The brand of kettle is needed to determine the exact amount of electricity used, but most kettles have an average wattage of 2 or 3 kilowatts or kW. If a 2 kW kettle is used for 2 hours then it has used 4 kWh.Know More
To help conserve energy usage of a kettle make sure to only heat up what is needed. If there are three people wanting a cup of tea each, only heat up 3 cups of water instead of the whole kettle. Heating up only 3 cups takes less time than it would to heat the whole kettle. Try to buy a kettle with an automatic shut off feature, so when the water is done boiling it cuts off and does not use up more energy.
The use of an "eco kettle" has been said to conserve energy and allows the user to have the option to adjust the temperature. If the kettle is only going to be used for the occasional cup of tea, get a smaller kettle. If the kettle is needed for multiple functions, for instance making a pitcher of tea, instant soups and other purposes, get a kettle that will hold a lot of water.Learn more about States of Matter
Adding salt to water actually boosts the boiling point a few degrees, but even with the higher boiling point, salt water boils faster than pure water because salt water has a lower heat capacity than pure water. This means that it does not take as much energy to boost the temperature of salt water as it does to heat up pure water.Full Answer >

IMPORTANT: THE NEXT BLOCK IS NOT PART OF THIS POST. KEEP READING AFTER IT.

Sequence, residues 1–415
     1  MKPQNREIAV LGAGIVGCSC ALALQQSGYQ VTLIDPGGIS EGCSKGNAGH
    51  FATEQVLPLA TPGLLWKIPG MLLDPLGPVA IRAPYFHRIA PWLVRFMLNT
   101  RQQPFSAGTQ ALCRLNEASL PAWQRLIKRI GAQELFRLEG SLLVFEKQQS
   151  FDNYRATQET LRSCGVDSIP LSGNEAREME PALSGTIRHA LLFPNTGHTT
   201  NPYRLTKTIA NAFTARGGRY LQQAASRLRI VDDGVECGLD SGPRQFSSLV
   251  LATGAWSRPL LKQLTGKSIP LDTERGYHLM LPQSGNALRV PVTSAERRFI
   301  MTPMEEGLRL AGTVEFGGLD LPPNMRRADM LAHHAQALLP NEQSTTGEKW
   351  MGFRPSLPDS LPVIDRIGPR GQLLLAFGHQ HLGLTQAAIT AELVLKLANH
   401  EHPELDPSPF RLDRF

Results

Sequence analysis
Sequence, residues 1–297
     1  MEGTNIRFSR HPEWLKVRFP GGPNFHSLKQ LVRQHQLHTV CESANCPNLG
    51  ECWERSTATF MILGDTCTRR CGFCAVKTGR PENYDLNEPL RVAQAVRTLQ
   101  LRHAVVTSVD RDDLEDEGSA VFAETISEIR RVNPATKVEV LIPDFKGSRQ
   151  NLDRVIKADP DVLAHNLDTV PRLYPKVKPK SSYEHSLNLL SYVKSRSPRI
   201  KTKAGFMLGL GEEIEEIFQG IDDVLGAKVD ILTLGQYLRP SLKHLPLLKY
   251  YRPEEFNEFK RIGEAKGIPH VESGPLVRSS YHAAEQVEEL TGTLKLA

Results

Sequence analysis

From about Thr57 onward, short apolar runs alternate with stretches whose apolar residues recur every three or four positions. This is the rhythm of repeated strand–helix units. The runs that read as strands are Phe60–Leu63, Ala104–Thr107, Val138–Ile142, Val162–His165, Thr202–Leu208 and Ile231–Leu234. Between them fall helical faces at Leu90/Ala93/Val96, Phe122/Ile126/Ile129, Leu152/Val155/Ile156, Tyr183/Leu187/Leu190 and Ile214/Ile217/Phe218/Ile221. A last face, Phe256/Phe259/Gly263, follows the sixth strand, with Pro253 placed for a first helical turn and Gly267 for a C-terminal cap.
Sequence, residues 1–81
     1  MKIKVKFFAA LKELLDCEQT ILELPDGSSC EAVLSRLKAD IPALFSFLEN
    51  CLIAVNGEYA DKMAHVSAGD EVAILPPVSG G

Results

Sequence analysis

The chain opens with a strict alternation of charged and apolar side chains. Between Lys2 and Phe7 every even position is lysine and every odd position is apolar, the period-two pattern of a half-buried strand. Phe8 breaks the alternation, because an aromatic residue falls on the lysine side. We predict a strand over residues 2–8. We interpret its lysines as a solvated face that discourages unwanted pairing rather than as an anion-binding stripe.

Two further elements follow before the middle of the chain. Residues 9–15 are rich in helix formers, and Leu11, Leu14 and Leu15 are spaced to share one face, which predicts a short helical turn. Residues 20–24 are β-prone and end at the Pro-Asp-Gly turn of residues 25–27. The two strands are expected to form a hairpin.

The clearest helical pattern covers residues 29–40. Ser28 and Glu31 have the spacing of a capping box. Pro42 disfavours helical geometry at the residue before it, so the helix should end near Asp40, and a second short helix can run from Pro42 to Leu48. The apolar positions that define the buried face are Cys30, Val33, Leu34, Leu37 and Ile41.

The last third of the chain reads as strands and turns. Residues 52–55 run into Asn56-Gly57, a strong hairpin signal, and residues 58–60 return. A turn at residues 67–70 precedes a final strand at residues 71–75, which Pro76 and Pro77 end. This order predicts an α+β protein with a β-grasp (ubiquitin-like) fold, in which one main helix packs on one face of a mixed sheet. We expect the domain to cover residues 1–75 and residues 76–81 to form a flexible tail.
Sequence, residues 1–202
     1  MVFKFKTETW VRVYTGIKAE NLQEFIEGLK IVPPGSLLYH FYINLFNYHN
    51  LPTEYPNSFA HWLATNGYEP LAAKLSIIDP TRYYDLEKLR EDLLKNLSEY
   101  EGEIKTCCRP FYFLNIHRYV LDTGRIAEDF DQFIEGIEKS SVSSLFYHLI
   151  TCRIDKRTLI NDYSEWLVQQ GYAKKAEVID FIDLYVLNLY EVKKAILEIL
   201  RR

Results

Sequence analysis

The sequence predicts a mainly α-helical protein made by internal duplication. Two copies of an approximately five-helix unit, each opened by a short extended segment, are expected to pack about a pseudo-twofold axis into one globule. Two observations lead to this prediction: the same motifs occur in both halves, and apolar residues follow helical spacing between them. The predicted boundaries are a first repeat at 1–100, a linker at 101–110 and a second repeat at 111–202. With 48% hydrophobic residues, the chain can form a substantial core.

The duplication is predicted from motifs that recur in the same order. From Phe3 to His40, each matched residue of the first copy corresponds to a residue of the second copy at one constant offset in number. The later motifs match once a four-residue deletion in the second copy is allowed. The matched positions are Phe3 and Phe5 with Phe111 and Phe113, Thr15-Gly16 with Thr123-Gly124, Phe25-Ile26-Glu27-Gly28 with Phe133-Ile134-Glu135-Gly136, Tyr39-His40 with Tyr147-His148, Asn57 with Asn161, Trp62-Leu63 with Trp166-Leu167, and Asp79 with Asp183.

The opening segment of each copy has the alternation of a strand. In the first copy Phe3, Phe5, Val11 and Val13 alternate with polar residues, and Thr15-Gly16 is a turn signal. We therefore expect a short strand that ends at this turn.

Water boils at 100 degrees Celsius because, at that temperature, its vapor pressure equals the pressure of the surrounding atmosphere at sea level. The molecules of liquid are moving too energetically for the outside pressure to keep them in the liquid at boiling temperature.Full Answer >
Water boils once the temperature reaches 212 degrees Fahrenheit or 100 degrees Celsius. In contrast, water freezes at 32 F or 0 C.Full Answer >
The time it takes for water to freeze varies from several hours to a month, depending on the volume of water, its temperature and the temperature of the surrounding air. Water freezes when it reaches 32 degrees Fahrenheit, but the time it takes for liquid particles to reach that point differs. Large lakes and deep ponds, for instance, may take several weeks to reach a freezing point and turn to solids, while a glass filled with water may freeze overnight if left outside.Full Answer >